Banks are offering free tablet computers, NZ$1,000 cash back bonuses, discounts on legal fees and low-doc loans, just as they were in 2007. The Financial Stability Report this week (figure 4.6) showed another easing of lending rules for households in the last six months and banks are at it hammer and tongs to win over disgruntled ANZ and National customers dislodged in their merger.
The messages are as clear as a bell. Gear up, buy property and you can’t lose. Don’t bother investing to export. You’re much better off borrowing to import because foreign investors will keep lending to New Zealand forever and we can always sell off more businesses, state assets and land as well to make sure we fund our current account deficit. Leverage up and just wait for the tax free capital gains to fall into your lap. It’s much easier than building or producing something to export it.
It wasn’t supposed to be like this
The National-led government began with such promise and ambition. It wanted to turn around the economy’s obsession with property investing and reverse the decline in the productive and exporting sectors.
The big tax switch of 2010 was designed to discourage consumption by increasing GST and encouraging production and investing by lowering corporate and high income tax rates. This was supposed to switch the incentives. The introduction of tougher tax rules for residential property investors was also supposed to knock the rental propety obsession on the head.
The aim was to reduce the indebtedness of the household sector and the vulnerability of the economy by earning plenty of foreign exchange revenues to pay high wages and invest in export businesses. It was supposed to create a virtuous circle.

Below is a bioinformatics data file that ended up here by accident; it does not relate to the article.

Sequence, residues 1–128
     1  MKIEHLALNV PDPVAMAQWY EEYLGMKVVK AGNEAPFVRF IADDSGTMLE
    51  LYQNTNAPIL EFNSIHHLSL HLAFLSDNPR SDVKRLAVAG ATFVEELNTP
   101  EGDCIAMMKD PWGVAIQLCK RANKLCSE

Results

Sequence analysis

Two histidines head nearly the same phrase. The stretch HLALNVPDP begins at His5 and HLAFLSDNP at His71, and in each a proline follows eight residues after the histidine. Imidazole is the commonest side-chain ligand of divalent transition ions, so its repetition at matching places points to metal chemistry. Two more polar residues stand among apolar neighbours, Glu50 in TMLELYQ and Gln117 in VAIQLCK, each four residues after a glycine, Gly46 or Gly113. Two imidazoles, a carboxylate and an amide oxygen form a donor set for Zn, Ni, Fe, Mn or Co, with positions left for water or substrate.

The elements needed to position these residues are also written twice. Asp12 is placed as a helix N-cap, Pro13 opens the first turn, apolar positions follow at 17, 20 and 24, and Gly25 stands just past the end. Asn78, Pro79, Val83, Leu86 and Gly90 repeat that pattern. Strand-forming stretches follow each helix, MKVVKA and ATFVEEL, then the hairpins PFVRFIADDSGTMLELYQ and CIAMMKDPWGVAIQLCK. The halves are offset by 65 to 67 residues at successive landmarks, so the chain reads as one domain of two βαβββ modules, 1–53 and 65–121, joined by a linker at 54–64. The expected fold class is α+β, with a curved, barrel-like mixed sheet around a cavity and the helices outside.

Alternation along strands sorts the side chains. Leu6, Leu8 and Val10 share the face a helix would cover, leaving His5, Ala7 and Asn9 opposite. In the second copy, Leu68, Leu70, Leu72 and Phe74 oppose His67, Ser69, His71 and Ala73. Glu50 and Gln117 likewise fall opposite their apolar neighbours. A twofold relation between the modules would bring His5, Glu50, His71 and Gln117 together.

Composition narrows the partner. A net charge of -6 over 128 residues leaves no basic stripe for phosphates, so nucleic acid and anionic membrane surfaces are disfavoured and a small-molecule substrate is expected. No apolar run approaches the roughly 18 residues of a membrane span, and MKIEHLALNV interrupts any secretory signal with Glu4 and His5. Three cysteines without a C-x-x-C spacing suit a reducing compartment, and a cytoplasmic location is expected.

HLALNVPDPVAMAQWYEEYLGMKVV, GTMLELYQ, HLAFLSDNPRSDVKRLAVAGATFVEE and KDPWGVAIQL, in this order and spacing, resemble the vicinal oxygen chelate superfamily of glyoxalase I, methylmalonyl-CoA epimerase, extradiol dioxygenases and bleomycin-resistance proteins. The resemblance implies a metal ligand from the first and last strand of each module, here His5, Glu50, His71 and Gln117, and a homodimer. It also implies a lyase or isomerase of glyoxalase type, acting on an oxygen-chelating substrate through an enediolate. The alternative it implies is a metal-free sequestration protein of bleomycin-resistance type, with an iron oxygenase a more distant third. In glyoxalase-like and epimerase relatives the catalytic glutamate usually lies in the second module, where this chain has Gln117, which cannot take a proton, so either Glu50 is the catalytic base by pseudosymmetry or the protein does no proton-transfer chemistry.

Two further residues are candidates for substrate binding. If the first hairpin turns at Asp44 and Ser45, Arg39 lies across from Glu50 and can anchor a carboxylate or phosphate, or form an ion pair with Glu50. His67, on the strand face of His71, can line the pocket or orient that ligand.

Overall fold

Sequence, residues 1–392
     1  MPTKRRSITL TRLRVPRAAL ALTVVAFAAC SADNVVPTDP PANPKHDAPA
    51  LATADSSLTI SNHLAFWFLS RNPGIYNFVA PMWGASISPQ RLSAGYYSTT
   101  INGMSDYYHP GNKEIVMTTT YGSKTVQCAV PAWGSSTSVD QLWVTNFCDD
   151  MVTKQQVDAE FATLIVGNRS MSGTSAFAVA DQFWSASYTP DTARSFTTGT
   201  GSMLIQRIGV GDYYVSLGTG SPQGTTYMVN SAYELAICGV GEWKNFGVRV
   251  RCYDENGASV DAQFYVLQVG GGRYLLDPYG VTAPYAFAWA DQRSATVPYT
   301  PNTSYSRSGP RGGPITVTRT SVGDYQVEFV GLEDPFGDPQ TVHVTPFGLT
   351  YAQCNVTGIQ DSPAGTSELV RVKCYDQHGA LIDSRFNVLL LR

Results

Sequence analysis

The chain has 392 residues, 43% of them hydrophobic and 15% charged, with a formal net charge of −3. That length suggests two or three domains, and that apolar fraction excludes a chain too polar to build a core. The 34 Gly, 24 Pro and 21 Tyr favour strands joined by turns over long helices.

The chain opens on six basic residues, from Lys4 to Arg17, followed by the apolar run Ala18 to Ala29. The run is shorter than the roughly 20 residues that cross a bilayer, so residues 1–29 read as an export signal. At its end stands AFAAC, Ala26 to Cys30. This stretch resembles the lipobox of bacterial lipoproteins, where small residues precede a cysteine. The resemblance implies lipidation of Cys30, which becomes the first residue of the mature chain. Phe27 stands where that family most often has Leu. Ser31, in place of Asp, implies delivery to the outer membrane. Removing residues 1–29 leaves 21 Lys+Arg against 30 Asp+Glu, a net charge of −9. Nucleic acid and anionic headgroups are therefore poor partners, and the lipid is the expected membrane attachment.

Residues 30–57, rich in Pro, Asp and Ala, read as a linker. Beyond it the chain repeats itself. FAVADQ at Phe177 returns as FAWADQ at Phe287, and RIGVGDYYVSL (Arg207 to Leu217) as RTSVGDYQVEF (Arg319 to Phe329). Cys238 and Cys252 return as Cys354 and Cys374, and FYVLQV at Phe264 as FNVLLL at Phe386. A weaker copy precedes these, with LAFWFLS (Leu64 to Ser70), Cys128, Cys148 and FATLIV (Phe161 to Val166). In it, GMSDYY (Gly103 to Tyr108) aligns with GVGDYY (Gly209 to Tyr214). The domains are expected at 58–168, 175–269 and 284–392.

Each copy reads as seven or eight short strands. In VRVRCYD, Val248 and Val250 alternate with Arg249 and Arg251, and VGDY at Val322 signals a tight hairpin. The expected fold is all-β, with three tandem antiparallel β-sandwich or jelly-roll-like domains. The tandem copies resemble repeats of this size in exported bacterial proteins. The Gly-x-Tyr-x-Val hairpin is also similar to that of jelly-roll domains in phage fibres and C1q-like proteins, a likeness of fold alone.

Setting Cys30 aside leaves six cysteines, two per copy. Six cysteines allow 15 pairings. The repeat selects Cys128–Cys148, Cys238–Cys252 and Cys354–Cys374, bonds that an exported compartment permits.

Instead, the gap between the tradeable sector (including exporters and those competing with imports) and the non-tradeable sector (financial services, government, real estate and retailing) is even wider now than it was in 2008.
New Zealand’s net foreign debt is only marginally lower, largely because of reinsurance payments for the Christchurch earthquakes. The ‘foreign drain’ of interest payments on foreign debt and dividends on foreign owned assets remains embedded in the economy.
Even Treasury is forecasting the current account deficit to rise to 6.7% of GDP by 2016 from 3.8% in 2011. New Zealand has actually been running a goods and services trade deficit this year. That’s before the interest payments and dividends to foreign owners. Simply from the four banks alone, their profits rose 12% to NZ$3.2 billion or about 1.6% of GDP this year. See more here in Gareth Vaughan’s article.
Yet the New Zealand dollar is still 15% over-valued according to the IMF and above where it was in 2007. The usual economic theory says the exchange rate will act to help balance a current account deficit. It should be falling to close the gap.
The usual theory
The trouble is the theory of free floating exchange rates responding to commodity prices and economic fundamentals such as current account deficits has been blown out of the water by the Global Financial Crisis and the various responses of intervening and printing by central banks and governments.
Central banks and governments in six of the top 10 currencies by volume are intervening directly or indirectly in their currencies. The United States, Japan, the European Union, the Bank of England, Switzerland and Hong Kong have all either engaged or threatened Quantitative Easing (Money Printing) to try to boost their economies and weaken their currencies over the last year. The other four in the top 10 who aren’t intervening in their currencies are Canada, Sweden, Australia and New Zealand.
Capital flows, much of it printed by central banks at 0% interest rates, are now cascading around the world to those currencies with higher interest rates (than 0%) where money is not being printed. Much of this money is flowing into property sectors and stock markets. At least some of the demand for central Auckland property is from Asian investors able to source funding in their home countries at much less than the 2.5% of our Official Cash Rate.